Hall County was feeling its oats just before World War I. It had landed two large textile mills, other small industries were thriving, a few streets were paved, and roads were being graded and top-soiled.
There were many other things to boast about. Three railroads — Southern, Gainesville Midland and Gainesville and Northwestern — carried passengers and freight to and from the county. Six banks were doing well. Riverside Military Academy and Brenau College were filling with students from all over. “Unusually handsome church edifices” could be found around Gainesville and Hall County.
Hall County boosters talked about Gainesville’s “well-paved streets,” its waterworks and own electric power system. Actually, only 3 miles of streets were paved.
The cotton and hosiery mills’ 100,000 spindles used 50,000 bales of cotton a year. Population was 30,000 and growing. The tax digest was $9 million, there were no county debts or bonds; in fact, a $25,000 surplus.
Hall County had more rural telephone lines than any other county in the state. Despite near-100-degree temperatures in the days to come, they said the county’s weather had “no depressing heat” and mild winters. Water was pure as could be found anywhere.
So there was plenty to brag about, and local leaders wanted to tell the state about it so other businesses and industries would come a-calling.
They organized what they called a “boosters tour” around Northeast Georgia. Automobiles in 1915 weren’t all that prevalent, but enough people owned them that they could organize somewhat of a parade to visit communities in their corner of the state.
Nor were the roads so good; in fact, very few were paved at that time. Still on a warm sunny day in July, dozens of decorated cars and a truck carrying a band set out from Gainesville’s downtown square. They were led by “pacemakers” B.H. Merck in a Hudson and Will Summer Jr. in a Studebaker. Ed Barrett led a group of singers until he swallowed a plug of tobacco.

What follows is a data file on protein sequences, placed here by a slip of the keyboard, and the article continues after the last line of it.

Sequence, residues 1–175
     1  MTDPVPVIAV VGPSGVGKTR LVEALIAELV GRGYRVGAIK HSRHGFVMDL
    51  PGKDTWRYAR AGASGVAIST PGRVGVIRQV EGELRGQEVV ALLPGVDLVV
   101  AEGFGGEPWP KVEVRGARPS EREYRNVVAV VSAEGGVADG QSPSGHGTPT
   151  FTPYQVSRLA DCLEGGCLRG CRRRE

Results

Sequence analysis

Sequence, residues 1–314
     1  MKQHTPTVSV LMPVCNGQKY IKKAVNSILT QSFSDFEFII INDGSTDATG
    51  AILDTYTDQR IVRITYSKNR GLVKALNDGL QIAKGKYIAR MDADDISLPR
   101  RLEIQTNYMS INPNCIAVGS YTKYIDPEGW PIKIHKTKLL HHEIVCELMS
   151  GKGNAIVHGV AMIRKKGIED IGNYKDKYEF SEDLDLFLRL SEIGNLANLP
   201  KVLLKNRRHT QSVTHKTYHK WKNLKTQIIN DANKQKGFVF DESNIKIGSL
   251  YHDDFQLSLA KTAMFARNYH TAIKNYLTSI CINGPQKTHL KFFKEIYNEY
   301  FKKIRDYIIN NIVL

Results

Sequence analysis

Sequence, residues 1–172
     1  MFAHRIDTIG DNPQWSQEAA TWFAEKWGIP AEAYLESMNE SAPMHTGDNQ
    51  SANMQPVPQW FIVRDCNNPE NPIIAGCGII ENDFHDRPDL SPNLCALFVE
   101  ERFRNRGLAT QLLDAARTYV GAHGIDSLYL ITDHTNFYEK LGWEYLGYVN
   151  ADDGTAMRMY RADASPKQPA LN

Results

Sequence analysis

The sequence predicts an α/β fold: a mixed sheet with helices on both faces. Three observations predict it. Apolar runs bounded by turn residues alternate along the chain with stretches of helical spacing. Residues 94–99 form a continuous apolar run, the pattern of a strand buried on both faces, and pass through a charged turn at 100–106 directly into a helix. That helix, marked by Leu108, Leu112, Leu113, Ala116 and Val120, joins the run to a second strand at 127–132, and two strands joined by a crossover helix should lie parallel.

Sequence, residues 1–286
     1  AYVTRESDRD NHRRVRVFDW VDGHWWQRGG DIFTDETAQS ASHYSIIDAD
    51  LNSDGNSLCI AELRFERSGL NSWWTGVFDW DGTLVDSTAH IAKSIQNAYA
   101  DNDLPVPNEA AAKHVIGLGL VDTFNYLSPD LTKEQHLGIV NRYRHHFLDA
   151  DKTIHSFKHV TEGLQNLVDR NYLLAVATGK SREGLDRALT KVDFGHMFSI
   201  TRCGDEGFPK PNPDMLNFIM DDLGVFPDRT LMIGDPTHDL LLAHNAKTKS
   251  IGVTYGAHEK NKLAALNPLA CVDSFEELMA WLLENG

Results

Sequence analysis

The first stop in Clermont set the tone for the tour. Motorists were met by scores of residents and a band. They were served refreshments before driving on to White County, where they were greeted with sacks of peaches as they stopped at the home of Congressman Tom Bell, who also was on the tour.
After riding through Nacoochee Valley, the tourists were similarly greeted in Habersham County, where they dined at two hotels in Cornelia. Every whistle in Toccoa greeted them on their stop there.
Stops the second day included communities in Franklin County, Homer, Maysville, Commerce and Jefferson. All along the way, town leaders would ride out in advance to lead them into their communities. Most towns served them refreshments, including lemonade, sandwiches, sometimes fried chicken.
From Winder, the motorcade traveled through the suburbs of Atlanta, finally parading to great fanfare down Peachtree Street, where they were treated royally.
They began the return to Gainesville through Forsyth and Dawson counties, where they encountered “the worst roads” between Silver City and Dawsonville. After driving through Auraria and Dahlonega, they were greeted on Green Street in Gainesville by a raucous crowd as if the motorists were heroes returning from war overseas.
They had covered 45 towns in 14 counties in three days, sometimes on muddy roads, most times ending a day covered with dust.
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Leo Frank, the convicted killer of Mary Phagan in April 1913, was taken from the state prison in Milledgeville and lynched in Marietta Aug. 16, 1915. He had a close call with death just a few weeks earlier. A fellow prisoner cut Frank’s throat with a knife used for butchering hogs. Prison medical personnel were able to get to him before he died and was recovered by the time he was hanged by the neck in Cobb County.
Questions remain to this day whether Frank actually was Mary Phagan’s killer. He was superintendent of the pencil factory where Mary worked and where her body was found.
Johnny Vardeman is retired editor of The Times.